Vagisil Superstars Of Bowling Tournament 1989 was a follow up to the woman’s billiards sketch from a couple of weeks ago, only this time Jason Sudeikis and Will Forte played the same sports reporters who were too hung up on the feminine product sponsor to fully pay attention to the bowling event that they were supposed to call.
We then got a parody of The Situation Room where Darrell Hammond as Wolf Blitzer attempted to interview Kenan Thompson and Blake Lively as Kenan Thompson and his wife about the Ambien incident that led Tiger to crash his car into a tree. This incident also involved Tiger’s cheat which caused Lively to beat Tiger whenever the cameras weren’t on.
This was followed by another SNL Digital Short where, musical guest, Rihanna performed a duet of the song about education to a classroom of children with Andy Samberg’s character, Shy Ronnie, who looked silently tormented as he mumbled through his part of the song. Ronnie dropped the shy routine and burst into a hardcore rap, the second Rihanna left the room but was back to his shy quite self when she returned to grab her purse.
Gossip Girl: Staten Island was a parody of Blake Lively’s show only instead of taking place in the privileged Upper East Side of New York City setting, this version of the show took place in the Staten Island slums.
Kickspit Underground Rock Festival was a fake ad where Jason Sudeikis and Nasim Pedrad portrayed their characters/pitchpeople D.J. Super Soak and Lil’ Pump in order to promote an under-underground rock festival. This event not only featured crazy unheard of bands but also viruses, pitchforks, and the late Ass Dan, who I remember from their future Juggalo themed commercial from this same series.
Rihanna then took to the stage to perform Russian Roulette.
Once again, Seth Meyers gave us the news. This week, Kenan Thompson stopped by as Bill Cosby to give a mumbled-jumbledly explanation of his first attempt at a hip-hop album. Abby Elliot also wandered behind the desk as Brittany Murphy because she was so out of it she thought that she was this week’s host. Unfortunately, this joke was made just weeks before Murphy’s unexpected death making it not all that fun to rewatch.
Skirt Shopping brought back Kenan Thompson’s character who used to always plays the stepmother to many of the white female hosts who hasn’t been on for, what feels like, years. This time, it was more of the same, only Blake Lively was the stepdaughter, and the two were out looking for skirts in a shop that was way too upscale for Lively’s hoochie style.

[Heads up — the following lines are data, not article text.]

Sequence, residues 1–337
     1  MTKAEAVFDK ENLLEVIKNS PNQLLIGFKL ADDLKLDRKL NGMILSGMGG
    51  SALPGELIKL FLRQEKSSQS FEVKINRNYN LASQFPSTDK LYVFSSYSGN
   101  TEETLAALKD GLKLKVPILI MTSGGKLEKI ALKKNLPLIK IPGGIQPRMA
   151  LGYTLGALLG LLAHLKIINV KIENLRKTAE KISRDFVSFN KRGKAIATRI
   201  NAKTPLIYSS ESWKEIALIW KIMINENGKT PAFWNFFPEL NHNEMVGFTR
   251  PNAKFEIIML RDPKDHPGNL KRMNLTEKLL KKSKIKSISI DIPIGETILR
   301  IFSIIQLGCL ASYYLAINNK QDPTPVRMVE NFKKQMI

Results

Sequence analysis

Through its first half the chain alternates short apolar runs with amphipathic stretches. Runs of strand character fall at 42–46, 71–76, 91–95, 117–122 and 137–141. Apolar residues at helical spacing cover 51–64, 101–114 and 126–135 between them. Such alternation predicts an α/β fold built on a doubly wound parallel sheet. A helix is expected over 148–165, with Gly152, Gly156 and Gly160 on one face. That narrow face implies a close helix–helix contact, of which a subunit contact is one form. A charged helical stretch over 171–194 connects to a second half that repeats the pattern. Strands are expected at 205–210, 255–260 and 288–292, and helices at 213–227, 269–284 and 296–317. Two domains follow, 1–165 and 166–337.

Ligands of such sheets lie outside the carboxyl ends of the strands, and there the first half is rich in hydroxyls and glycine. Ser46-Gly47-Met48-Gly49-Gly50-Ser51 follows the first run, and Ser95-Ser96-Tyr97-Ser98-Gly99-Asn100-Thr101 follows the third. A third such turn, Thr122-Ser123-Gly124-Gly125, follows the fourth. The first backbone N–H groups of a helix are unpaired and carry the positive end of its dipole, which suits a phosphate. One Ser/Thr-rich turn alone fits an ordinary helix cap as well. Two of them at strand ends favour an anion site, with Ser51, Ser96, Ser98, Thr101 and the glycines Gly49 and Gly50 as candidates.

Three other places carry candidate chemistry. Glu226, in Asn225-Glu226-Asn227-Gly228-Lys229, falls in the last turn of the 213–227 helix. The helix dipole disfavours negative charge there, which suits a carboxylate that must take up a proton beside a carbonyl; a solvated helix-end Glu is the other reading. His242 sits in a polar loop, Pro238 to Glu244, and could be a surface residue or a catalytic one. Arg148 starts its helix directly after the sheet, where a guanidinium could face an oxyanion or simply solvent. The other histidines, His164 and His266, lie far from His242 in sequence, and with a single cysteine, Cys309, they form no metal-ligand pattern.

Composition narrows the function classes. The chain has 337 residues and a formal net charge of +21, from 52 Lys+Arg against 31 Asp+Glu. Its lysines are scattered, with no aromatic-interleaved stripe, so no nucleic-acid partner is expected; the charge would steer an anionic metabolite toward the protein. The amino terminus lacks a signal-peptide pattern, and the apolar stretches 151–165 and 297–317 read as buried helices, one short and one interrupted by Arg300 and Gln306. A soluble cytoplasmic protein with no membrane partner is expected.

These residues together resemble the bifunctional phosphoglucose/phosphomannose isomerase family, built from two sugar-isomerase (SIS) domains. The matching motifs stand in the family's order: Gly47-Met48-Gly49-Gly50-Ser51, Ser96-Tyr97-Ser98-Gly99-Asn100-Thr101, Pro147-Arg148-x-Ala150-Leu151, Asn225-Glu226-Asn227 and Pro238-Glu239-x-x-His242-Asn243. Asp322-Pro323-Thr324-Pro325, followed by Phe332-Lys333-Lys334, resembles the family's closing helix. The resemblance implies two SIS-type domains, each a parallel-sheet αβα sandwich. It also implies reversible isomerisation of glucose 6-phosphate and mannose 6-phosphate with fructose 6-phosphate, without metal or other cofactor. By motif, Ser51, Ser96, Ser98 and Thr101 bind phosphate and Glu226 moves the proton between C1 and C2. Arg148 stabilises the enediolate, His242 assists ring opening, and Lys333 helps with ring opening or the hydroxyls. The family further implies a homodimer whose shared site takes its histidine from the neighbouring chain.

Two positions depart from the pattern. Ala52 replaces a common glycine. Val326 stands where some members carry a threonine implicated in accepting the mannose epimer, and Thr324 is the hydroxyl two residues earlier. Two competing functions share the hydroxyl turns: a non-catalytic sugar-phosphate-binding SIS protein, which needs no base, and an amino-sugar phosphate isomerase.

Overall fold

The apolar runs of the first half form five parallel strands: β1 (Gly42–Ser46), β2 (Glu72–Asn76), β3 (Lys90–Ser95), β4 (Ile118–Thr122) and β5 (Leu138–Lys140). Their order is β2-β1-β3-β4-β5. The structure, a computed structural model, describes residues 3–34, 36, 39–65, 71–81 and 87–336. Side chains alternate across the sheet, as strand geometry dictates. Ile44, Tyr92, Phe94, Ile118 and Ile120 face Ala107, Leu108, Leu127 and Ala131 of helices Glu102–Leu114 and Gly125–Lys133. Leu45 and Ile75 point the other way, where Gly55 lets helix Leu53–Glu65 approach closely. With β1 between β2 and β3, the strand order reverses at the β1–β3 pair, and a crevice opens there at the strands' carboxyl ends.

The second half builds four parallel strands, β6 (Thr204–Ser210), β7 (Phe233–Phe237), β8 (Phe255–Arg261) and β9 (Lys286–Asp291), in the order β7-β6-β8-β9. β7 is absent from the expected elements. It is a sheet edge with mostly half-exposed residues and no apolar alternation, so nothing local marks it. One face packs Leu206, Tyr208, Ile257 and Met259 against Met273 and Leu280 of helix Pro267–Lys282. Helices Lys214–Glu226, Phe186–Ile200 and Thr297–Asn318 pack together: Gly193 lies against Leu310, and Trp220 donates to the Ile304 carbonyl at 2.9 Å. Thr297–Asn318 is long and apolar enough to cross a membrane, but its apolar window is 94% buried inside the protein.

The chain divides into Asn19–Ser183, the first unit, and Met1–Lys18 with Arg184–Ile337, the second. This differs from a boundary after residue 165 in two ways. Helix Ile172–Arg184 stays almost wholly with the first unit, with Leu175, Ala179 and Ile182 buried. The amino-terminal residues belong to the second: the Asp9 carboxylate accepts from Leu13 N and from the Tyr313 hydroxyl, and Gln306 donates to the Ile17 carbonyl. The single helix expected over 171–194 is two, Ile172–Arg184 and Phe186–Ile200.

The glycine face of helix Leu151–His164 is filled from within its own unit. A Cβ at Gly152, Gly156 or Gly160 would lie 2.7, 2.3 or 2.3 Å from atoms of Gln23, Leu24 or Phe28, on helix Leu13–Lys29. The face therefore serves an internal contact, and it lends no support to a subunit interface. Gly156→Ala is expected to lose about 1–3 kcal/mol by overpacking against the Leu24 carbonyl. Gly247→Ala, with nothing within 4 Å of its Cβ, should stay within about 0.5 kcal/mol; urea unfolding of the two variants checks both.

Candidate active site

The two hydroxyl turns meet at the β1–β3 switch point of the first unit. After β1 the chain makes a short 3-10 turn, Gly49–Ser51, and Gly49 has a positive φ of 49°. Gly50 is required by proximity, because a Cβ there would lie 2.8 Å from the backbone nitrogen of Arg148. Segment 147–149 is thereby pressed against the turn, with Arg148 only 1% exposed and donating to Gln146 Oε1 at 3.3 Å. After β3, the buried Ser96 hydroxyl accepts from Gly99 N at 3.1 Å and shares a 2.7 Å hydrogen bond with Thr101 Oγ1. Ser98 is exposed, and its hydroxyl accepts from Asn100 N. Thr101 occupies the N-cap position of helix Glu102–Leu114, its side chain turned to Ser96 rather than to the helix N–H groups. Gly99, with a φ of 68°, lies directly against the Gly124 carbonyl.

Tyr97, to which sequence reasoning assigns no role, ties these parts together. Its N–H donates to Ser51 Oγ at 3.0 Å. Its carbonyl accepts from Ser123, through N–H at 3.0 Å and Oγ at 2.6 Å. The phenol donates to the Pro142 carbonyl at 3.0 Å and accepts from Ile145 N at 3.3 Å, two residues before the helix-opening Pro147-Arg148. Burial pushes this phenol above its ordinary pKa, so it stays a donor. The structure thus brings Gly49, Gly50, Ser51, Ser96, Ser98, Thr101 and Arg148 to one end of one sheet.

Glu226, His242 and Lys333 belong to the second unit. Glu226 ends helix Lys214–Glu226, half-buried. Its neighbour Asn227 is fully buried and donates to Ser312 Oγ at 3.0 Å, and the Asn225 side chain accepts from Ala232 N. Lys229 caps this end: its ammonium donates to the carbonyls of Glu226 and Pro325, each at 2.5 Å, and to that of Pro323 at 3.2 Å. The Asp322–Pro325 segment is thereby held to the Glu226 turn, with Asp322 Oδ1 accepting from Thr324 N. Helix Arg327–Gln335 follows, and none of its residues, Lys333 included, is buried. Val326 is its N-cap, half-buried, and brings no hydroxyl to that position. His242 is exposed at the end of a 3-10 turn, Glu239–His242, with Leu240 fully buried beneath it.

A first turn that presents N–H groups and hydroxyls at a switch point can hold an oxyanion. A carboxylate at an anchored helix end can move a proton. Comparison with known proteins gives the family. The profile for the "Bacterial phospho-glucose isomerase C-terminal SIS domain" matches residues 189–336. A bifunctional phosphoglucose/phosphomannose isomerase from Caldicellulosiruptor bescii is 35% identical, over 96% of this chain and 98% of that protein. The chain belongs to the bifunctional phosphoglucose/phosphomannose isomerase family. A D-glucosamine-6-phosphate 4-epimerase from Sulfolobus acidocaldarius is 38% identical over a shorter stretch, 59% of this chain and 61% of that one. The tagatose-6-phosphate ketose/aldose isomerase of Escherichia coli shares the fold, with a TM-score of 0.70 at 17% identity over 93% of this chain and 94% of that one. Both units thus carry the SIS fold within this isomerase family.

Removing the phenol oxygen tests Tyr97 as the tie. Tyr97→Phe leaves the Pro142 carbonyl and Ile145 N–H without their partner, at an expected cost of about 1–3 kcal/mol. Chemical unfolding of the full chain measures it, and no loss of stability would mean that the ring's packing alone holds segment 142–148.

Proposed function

UPS made fun of the brand new style whiteboard commercials that UPS introduced to the world, that is now unavoidable on the internet. Only these old ads actually had a human drawing, and this sketch had Bill Hader in that role as he declared that he was a man in a lady’s wig who was also UPS’s gift to the world.
Late Night With Chris Hansen showed up what the world would be like if there was a late night talk show version of To Catch A Predator only with celebrity guest who had no intentions of harming any children, making the swarming cops even more of a surprise.
UPS then returned for round two where this time Bill Hader shared his plans to make more commercials for UPS and that his stick figure guy was going to have sex with the stick figure women that he draws.
Rihanna then took to the stage with Young Jeezy to perform Hard.
Potato Chip Thief had Jason Sudeikis as a scientist who was applying for a job at NASA and then blows his chances when he steals one of Will Forte’s, carefully-counted, thirty-five potato during their interview and then had the nerve to lie about it.
Finally, Blake Lively closed the show by thanking the audience and saying her goodnights.
This is another case that proves a higher segment count can help almost any episode because I could see this night having the same issues as the past two episode if four fewer segments would have caused the longer sketches to drag on and grow old. Instead, these three sketches that contained my favorite moments made this a pretty good show. First, I loved this week’s SNL Digital Short: Rihanna Featuring Shy Ronnie, because, as I said, I like when the musical guest gets involved, plus I actually liked Rihanna’s parts to the song. Next, I really liked Vagisil Superstars Of Bowling Tournament 1989 because it made me miss the days of watching weird sports back when there was legitimate channel surfing. Finally, I was a fan of the sketch Potato Chip Thief because I enjoyed the surreal argument between two potential astronauts fighting over the specific count of chips in a bowl, especially since they didn’t even seem like good chips.